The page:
Agile Management - May 2004 - Using Cumulative Flow Diagrams by David J. Anderson

By: David J. Anderson

Abstract: With Agile Management [Anderson 2003] I introduced Cumulative Flow Diagrams as a better replacement for "Burn UP Charts". This article explains why.

Using Cumulative Flow Diagrams

By David J. Anderson, May 2004


Agile software development methods such as Scrum and Feature Driven Development manage and report project progress in a very different manner than traditional critical path project management. Scrum started with the use of a "burn down" chart which plotted the estimated number of hours remaining to complete the Sprint backlog. More recently "burn up" charts have become popular. These plot the number of completed Stories, Tasks or Features on the project with a projected completion target. It is possible to extrapolate the plot with a trend line to estimate the completion date of a project.

The concept of a "burn up" chart had been used in Feature Driven Development since its inception in the late 1990s. It's called a Feature Complete Graph as shown in Figure 1.

Figure 1. FDD Feature Complete Graph

However, "burn up" charts aren't really sufficient for managing a project. They have no concept of work-in-progress (WIP) and simulating the anticipated end date is problematic. With Agile Management [Anderson 2003] I introduced Cumulative Flow Diagrams as a better replacement. This article explains why.

The S-Curve

The completion of Features tends to follow an S-Curve model, as shown in Figure 2. The S-curve effect makes it difficult to predict the end-date of a project from a single plot of Features complete.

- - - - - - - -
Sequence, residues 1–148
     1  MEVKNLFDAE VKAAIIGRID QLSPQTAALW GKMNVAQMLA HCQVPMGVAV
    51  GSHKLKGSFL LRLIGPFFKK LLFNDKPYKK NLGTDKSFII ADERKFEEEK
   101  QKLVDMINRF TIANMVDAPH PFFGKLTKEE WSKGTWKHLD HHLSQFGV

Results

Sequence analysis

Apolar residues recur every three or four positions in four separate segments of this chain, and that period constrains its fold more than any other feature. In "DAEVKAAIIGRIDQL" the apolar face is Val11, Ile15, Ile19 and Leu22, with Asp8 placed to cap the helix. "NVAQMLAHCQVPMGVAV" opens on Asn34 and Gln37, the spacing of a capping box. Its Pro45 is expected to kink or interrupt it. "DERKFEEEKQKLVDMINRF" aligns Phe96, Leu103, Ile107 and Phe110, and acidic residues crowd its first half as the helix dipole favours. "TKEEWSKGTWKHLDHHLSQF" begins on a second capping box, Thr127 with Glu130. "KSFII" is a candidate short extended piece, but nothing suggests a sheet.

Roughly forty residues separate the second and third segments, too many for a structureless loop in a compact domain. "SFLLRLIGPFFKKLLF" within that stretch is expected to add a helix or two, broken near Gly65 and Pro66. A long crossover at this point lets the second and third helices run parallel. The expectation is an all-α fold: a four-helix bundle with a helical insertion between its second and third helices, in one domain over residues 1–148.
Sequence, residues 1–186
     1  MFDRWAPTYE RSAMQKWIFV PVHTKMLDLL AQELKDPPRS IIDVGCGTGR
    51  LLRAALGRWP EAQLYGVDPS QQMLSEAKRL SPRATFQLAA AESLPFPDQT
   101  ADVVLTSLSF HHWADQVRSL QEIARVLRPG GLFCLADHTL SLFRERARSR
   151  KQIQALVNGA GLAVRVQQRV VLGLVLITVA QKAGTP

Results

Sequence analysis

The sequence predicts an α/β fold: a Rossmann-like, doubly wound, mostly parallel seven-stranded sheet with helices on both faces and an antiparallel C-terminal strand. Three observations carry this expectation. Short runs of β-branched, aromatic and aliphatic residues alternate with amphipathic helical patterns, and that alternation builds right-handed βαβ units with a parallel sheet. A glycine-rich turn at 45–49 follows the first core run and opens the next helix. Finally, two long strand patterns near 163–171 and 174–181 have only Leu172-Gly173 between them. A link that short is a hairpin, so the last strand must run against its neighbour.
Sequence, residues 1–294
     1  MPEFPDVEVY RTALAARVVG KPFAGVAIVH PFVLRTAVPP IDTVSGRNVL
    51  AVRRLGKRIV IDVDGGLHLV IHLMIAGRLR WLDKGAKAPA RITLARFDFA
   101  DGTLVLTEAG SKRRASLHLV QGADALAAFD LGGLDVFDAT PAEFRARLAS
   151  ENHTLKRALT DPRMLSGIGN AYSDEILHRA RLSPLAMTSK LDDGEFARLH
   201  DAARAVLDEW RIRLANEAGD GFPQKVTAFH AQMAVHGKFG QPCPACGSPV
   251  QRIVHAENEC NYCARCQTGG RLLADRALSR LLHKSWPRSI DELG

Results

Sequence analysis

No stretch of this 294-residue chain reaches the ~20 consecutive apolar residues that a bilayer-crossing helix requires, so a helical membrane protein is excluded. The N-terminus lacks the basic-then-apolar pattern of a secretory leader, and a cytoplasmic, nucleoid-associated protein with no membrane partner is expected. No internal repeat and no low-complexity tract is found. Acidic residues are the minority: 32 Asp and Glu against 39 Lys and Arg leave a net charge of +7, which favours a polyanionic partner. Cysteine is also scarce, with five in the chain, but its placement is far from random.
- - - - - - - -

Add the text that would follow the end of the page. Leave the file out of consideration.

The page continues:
Figure 2. S-Curve for Features Complete

In order to communicate, a fuller picture of a project's health, I found it necessary to supplement a Feature Complete Graph with a report of the percentage complete and an accompanying graph. A percentage complete plot for FDD gives credit to Features which are in-progress. Each of the six milestones for a Feature is credited with an earned-value percentage, as shown in Figure 3.

Design Design
Coding Code
To Build
1% 40% 3% 45% 10% 1%

Figure 3. Feature Milestones and earned-value percentages

So Feature Complete graphs fail to communicate work-in-progress but the Percentage Complete figure and graph suffer from "false reporting". Why? Because any agile developer will tell you that they only value finished working software. So there is no value in partially complete code. This result is compatible with the Theory of Constraints management accounting method, Throughput Accounting [Corbett 1997]. Value should only be recognized on delivery.

Hence, it was necessary to stop reporting percentage complete altogether. Only report the true earned value - Features complete - or find a better way to communicate the work-in-progress, i.e. a method which did not report the value of WIP but did communicate that work was progressing even when Features were not being completed every day.


If it is wrong to communicate earned value from partially complete WIP, then we should ignore it? No, I don't believe so! Rather, we should care about it deeply. Why?

Work-in-progress can be thought of as inventory. In this case, it is knowledge work inventory - ideas for valuable working software, captured at some stage in a transformational process which takes it through transformations such as analysis, design, test plan, code, unit test and code inspection (depending on the method you are using). These ideas are developed from the work of Donald Reinertsen but to understand that, we must first understand the contribution of Marvin Patterson.